EPA’s New Ozone Rule Part 2

Recently, the Obama administration withdrew a proposal to reduce the maximum allowable level of ground-level ozone concentration in the atmosphere1. The question that I wish to address is whether the benefits that might accrue to our nation from such a reduction are greater than the costs, particularly to industry. To analyze this problem, we need to understand what ground-level ozone is, how it is formed, what man-made processes promote ozone formation, and what industry must do to reduce the level of ozone.

Ozone is a form (called an allotrope2) of oxygen, the eighth element in the chemical periodic table3. Pure oxygen usually exists as molecules consisting of two oxygen atoms each, represented by the chemical formula O2. Ozone consists of molecules of three oxygen atoms each, represented by the chemical formula O3. Despite the fact that ozone consists of nothing but oxygen atoms, it is far more chemically reactive than ordinary oxygen4. For example, one cannot breathe pure ozone: breathing ozone in concentrations fifty parts per million or higher is probably fatal within 60 minutes5. Likewise, ozone can dissolve far more readily in water than ordinary oxygen6 and attacks substances (such as certain rubbers) that are not touched by ordinary oxygen7.

Breathing ozone is harmful to health even in low concentrations. Breathing air with 1.5 parts per million (ppm) of ozone for more than two hours can result in severe lung irritation with fluid-buildup, chest pain and cough, and extreme fatigue5. Ozone is known to attack and injure the tissues in the upper respiratory system, although the damage can be repaired by the body in a matter of weeks8.

It is important to distinguish between ozone in the troposphere (that part of the atmosphere that rests on the surface of the Earth) and the stratosphere (that layer of the atmosphere between about 6 and 31 miles above the surface at temperate latitudes). About 90% of all ozone in the atmosphere is in the stratosphere where it performs the very important function of absorbing high-energy ultraviolet radiation from the sun (all of the UV-c rays, most of the UV-b rays, and about half of the UV-a rays)9, preventing them from reaching the surface of the Earth where they would harm life. This ozone poses no dangers to humans; on the contrary, it helps make life possible. It is the 10% of the ozone in the atmosphere that exists in the troposphere (called tropospheric or ground-level ozone) that poses problems and is the subject of the proposed government regulation.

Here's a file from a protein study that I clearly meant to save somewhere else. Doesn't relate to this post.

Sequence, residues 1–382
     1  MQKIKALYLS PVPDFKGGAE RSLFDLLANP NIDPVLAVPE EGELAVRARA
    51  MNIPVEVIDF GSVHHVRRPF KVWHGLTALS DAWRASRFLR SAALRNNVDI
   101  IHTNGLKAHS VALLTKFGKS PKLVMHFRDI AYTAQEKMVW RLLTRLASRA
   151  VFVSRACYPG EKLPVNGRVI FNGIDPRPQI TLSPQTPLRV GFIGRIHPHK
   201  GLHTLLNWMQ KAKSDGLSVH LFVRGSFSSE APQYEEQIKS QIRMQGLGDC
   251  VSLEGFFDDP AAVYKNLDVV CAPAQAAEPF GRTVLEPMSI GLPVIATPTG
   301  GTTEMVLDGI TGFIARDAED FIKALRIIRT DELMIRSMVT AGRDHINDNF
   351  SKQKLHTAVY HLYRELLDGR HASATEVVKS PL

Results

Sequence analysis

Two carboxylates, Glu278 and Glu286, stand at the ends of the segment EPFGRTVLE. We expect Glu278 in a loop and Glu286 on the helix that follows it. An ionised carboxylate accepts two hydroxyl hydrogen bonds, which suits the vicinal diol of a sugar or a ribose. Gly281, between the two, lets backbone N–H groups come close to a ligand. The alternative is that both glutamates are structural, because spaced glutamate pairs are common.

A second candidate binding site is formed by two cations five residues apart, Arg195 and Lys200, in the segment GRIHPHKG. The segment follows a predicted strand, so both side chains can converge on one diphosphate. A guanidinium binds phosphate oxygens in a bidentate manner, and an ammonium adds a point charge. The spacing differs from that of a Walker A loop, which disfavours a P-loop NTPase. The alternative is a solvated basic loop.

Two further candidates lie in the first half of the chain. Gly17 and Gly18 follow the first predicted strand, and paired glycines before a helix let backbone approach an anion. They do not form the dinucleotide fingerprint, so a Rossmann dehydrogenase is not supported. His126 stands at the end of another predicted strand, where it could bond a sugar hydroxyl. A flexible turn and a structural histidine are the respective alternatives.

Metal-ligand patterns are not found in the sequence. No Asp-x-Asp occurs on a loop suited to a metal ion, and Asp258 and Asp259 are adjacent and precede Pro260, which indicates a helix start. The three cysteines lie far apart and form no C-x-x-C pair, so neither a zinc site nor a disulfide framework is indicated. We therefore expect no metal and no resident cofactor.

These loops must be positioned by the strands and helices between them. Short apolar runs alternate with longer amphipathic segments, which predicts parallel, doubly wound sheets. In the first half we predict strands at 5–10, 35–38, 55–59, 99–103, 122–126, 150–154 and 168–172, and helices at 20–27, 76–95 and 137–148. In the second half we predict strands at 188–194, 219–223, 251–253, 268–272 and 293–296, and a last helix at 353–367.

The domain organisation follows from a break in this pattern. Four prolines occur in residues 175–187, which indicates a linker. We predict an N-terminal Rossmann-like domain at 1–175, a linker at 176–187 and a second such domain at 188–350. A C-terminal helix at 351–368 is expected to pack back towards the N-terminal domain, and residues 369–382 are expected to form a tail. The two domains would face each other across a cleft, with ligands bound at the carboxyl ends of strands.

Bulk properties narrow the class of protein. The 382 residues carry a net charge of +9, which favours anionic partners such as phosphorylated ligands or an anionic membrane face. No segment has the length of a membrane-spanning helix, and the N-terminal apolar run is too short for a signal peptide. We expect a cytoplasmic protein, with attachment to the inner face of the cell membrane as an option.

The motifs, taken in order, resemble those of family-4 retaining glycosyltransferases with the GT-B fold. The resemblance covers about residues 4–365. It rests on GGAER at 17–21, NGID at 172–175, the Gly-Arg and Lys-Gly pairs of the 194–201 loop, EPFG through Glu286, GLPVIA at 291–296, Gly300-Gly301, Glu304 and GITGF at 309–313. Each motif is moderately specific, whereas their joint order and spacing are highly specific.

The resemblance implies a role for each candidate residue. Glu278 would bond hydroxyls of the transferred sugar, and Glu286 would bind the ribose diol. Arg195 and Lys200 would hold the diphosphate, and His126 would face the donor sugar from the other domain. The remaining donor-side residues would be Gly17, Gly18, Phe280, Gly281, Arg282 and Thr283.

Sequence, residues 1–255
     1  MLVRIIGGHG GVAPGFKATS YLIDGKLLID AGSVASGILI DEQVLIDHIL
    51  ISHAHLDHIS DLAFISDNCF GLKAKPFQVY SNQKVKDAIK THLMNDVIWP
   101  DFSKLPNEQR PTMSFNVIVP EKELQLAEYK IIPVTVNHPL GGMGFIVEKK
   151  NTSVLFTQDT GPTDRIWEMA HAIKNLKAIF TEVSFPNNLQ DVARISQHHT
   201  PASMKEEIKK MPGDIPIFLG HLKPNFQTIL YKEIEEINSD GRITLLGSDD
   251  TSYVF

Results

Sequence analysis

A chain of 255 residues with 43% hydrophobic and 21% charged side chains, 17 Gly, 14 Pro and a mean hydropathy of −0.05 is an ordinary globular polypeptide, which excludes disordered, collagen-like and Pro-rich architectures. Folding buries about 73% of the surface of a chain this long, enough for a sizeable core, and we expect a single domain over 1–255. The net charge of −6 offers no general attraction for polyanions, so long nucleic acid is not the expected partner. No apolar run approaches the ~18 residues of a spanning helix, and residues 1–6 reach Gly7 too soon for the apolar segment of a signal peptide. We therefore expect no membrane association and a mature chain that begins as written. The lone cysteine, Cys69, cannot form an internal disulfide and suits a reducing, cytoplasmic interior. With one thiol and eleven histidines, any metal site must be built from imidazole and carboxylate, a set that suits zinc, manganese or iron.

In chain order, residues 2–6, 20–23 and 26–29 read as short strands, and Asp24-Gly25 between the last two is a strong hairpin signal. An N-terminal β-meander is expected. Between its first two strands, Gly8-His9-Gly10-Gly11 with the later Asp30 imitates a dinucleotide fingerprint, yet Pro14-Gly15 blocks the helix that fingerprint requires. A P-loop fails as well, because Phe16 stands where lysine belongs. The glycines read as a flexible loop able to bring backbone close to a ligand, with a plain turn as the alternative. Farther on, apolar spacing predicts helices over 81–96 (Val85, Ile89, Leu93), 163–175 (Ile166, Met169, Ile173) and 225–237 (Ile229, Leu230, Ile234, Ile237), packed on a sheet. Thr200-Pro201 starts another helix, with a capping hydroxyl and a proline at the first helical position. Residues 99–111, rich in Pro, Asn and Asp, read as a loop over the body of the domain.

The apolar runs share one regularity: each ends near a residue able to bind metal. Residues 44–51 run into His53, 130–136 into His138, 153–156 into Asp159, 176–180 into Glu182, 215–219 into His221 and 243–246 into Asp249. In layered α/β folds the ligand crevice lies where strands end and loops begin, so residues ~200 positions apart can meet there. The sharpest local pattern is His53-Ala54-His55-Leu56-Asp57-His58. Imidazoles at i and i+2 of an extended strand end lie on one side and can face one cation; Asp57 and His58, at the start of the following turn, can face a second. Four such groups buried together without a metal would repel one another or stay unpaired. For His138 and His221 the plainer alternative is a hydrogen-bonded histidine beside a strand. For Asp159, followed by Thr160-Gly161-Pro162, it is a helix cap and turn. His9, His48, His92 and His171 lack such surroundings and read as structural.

According to NASA, ground-level ozone levels without the presence of human activity should be about 10 to 15 parts per billion (ppb, one part per million equals 1000 ppb)10. Industrial activity has boosted those levels significantly such that the Environmental Protection Agency has established a limit of 80 ppb10. It appears to me that most people are able to breathe in that level of ozone without ill effects, or respiratory illnesses would be much more common than they are now. The question is whether people with respiratory problems, the very young, and the very old are adversely affected. If they are, is it cost effective to lower levels of ozone to improve their quality of life? Also, could long-term exposure to 80 ppb of ozone cause any significant health effects?

In my next post, I want to discuss how ozone is produced.


  1. Statement by the President on the Ozone National Ambient Air Qualities Standards. White House website. To view, click here.
  2. For a good explanation of allotropes, see the Diffen website, Oxygen vs Ozone.
  3. See the WebElements Periodic Table on oxygen.
  4. Rachel Cassiday and Regina Frey, Washington University.Chemical Properties of Ozone. To view, click here.
  5. Ozone Levels and Their Effects, edited by Den Rasplicka, OzoneLab Instruments website. To view, click here.
  6. Bruce Mattson, Janel Michels, Stephanie Gallagos, Creighton Univerisity.Microscale Gas Chemistry, Part 28 Mini-Ozone Generator: 800 nanomoles/minute p.7 paragraph “Office Paper.” To view, click here.
  7. Bassam Z. Shakhashiri, University of Wisconsin – Madison.Chemical of the Week: Ozone paragraph 7. To view, click here.
  8. U.S. Environmental Protection Agency website, Ground-Level Ozone: Health. To view, click here. For a more detailed treatment, see Health Effects of Ozone in the General Population, which you can view by clicking here.
  9. U.S. National Aeronautics and Space Administration Ozone Hole website, Ozone Facts tab, paragraph 2. To view, click here.
  10. Jeannie Allen, The Ozone We Breathe, NASA Earth Observatory website. To view, click here.

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